New Labour leader Phil Goff and his deputy, Annette King, are planning a radical shake-up of the front bench to prepare the party for what they hope will be only one term in Opposition.
Defeated Prime Minister Helen Clark and deputy Michael Cullen yesterday handed over the reins to Mr Goff and Ms King in a seamless transition that was largely arranged by Helen Clark.
It means that, while Helen Clark took responsibility for Saturday's loss to National, she has avoided having to face lengthy post mortems about it.
Helen Clark persuaded David Cunliffe, the outgoing Health Minister, that now is not his time to have a tilt at the deputy leader's job and to take Finance and the No 3 ranking instead.
She has taken the role as Foreign Affairs spokeswoman and Dr Cullen will be shadow Leader of the House. Both are committed to staying on and seeing the party through its transition to Opposition and a new leadership. But neither has ruled out leaving during the term.
Both will move off the front bench, as will long-server Pete Hodgson, outgoing Education Minister Chris Carter and Progressive leader Jim Anderton.
The promotions are likely to be Maryan Street, David Parker, Clayton Cosgrove, Lianne Dalziel, and Ruth Dyson. Parekura Horomia may remain for a time but is likely to be replaced by Nanaia Mahuta later.
All are from much newer political generations than Mr Goff, who was elected in 1981, and Ms King, elected in 1984.
The revamped front bench will offset the perception that the leadership team is not fresh enough.
Mr Goff, 55, is sensitive to suggestions that he is too old to match National Party leader and incoming Prime Minister John Key, 47.
"I've got to tell you that I'm not old enough to be John Key's father - maybe his older brother - slightly wiser and slightly more experienced," he said.
Mr Goff is considered one of the strongest performers in Labour both as a former minister and in terms of House performance.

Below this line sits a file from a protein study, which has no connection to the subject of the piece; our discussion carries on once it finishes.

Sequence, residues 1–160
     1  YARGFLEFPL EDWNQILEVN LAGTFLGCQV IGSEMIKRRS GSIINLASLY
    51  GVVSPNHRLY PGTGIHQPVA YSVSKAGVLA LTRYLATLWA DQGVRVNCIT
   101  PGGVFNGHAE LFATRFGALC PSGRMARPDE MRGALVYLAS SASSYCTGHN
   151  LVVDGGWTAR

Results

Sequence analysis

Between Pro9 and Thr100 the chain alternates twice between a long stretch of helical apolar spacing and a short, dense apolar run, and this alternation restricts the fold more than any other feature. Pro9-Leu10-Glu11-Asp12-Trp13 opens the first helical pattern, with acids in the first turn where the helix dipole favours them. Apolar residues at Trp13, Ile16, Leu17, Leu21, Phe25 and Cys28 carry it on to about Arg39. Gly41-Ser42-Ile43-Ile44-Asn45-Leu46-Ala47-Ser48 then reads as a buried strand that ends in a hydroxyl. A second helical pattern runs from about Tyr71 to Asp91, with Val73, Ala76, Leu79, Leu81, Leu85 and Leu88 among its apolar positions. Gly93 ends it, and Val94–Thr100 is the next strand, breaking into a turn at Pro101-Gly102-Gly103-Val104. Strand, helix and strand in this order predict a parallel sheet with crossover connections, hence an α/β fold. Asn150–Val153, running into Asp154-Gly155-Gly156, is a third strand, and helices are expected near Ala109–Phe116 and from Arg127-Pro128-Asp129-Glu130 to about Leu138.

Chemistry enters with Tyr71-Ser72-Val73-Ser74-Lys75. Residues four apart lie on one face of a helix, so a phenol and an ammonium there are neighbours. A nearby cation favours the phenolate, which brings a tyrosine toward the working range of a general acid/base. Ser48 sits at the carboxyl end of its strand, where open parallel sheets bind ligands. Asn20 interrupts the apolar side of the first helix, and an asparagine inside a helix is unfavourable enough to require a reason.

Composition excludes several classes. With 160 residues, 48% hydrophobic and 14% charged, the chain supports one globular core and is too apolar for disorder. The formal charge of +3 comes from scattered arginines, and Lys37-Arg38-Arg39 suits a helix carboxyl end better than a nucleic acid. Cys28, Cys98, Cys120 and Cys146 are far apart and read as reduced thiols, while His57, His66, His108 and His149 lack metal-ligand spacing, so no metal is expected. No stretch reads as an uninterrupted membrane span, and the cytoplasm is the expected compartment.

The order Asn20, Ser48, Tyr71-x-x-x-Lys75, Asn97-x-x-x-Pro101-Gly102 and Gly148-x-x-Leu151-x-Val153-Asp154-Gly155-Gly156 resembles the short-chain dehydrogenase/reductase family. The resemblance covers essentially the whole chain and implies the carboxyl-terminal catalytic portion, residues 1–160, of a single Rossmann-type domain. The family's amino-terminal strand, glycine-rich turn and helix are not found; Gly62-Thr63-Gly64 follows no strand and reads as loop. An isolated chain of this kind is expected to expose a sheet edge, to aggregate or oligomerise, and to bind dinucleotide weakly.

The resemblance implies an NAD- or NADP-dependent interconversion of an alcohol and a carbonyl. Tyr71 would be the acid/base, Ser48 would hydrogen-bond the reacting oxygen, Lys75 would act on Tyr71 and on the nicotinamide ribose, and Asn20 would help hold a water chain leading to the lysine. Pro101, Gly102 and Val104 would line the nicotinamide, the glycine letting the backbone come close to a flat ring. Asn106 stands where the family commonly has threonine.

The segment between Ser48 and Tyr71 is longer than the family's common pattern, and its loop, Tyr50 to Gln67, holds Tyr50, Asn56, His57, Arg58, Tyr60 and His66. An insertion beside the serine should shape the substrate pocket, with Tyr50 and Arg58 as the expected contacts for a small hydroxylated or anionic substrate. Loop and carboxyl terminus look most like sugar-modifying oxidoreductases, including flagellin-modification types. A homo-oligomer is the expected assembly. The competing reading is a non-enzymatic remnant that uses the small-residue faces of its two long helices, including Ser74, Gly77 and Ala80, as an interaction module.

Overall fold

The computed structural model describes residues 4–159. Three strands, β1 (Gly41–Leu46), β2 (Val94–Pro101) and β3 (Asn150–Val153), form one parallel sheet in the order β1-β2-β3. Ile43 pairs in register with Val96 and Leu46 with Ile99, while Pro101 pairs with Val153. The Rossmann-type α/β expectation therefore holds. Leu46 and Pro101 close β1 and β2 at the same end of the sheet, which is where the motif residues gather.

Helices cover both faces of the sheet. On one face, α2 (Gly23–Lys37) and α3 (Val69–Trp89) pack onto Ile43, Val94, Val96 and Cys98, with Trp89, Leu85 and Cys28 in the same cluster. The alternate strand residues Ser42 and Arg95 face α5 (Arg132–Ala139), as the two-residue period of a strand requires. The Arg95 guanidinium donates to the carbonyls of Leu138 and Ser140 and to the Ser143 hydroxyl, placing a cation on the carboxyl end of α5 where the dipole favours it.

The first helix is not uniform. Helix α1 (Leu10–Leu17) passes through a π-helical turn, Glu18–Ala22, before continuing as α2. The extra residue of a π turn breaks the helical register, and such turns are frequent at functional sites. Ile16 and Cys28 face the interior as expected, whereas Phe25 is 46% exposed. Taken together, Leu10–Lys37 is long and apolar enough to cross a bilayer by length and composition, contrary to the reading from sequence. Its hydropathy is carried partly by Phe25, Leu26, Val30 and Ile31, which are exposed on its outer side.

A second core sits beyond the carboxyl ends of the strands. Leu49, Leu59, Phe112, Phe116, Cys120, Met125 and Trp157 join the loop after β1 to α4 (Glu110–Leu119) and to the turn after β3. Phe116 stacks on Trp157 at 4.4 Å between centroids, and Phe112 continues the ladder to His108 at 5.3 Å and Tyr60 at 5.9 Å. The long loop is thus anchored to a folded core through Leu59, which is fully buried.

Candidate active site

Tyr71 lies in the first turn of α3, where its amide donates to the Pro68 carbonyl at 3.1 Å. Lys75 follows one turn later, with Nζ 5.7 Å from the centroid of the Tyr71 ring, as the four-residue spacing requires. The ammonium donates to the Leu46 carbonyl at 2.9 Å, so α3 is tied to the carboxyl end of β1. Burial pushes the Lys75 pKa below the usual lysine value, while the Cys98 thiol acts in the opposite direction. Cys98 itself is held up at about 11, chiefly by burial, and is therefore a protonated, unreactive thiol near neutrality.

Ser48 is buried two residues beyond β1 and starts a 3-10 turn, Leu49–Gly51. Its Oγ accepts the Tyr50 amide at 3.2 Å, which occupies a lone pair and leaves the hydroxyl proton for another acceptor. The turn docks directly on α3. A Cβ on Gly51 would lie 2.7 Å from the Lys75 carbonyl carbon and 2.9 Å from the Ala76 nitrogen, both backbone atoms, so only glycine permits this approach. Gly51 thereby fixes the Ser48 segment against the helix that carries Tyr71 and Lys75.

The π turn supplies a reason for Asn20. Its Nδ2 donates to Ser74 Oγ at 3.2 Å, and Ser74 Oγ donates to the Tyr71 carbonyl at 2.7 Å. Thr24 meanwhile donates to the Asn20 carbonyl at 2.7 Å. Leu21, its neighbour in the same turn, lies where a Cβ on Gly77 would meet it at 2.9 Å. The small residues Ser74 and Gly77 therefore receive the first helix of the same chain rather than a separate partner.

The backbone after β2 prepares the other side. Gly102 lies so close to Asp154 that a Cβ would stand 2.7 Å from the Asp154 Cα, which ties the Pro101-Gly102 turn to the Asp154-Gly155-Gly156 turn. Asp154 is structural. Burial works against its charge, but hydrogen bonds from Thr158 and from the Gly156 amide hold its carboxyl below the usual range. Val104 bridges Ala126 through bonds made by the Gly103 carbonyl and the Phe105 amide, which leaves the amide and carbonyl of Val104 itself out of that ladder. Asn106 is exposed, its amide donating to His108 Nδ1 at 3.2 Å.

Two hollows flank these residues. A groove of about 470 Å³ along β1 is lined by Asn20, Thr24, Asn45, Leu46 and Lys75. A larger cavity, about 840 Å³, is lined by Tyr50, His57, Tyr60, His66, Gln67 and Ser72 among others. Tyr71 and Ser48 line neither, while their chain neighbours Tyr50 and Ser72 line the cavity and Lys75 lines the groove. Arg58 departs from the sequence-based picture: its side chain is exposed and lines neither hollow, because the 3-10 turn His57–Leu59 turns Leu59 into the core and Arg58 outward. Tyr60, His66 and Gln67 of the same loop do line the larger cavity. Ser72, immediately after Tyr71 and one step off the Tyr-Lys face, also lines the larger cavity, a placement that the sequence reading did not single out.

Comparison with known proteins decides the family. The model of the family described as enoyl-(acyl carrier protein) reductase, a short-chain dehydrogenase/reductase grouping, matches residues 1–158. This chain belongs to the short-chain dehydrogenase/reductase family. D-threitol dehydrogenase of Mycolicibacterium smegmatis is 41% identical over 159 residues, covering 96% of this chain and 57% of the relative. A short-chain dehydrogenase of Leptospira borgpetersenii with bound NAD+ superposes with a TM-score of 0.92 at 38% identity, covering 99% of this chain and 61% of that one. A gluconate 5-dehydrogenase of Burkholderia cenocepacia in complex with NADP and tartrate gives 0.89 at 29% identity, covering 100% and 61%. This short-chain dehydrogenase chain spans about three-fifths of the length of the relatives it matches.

Mr Goff said yesterday the party would reflect on the election loss and "how there came to be a disconnect with a significant proportion of the electorate".
"We accept the verdict of the people that after nine years in Government the mood was time for a change.
"Time will tell whether the changes which are proposed will be what the public was led to believe. We will be watchful for secret agendas."
Labour won seven fewer seats than in 2005 but because of retirements and list rankings has brought in 13 new MPs. Mr Goff described them as the strongest intake since 1984.
After silver trays were presented at the party caucus yesterday to defeated MPs, the formal leadership team was changed.
Helen Clark was leader for 15 years and Prime Minister for nine.
Dr Cullen has been her deputy since 1996 and Finance Minister for nine years.
Helen Clark said it had been an incredible 15 years but she had made the right decision for the party and herself in standing down.
"Now I am looking forward to giving the new team my total and unconditional support," she said.
Darren Hughes was elected Senior whip and Steve Chadwick was elected junior whip.
Party president Mike Williams was at caucus too, and he has previously indicated he will step down some time after the election.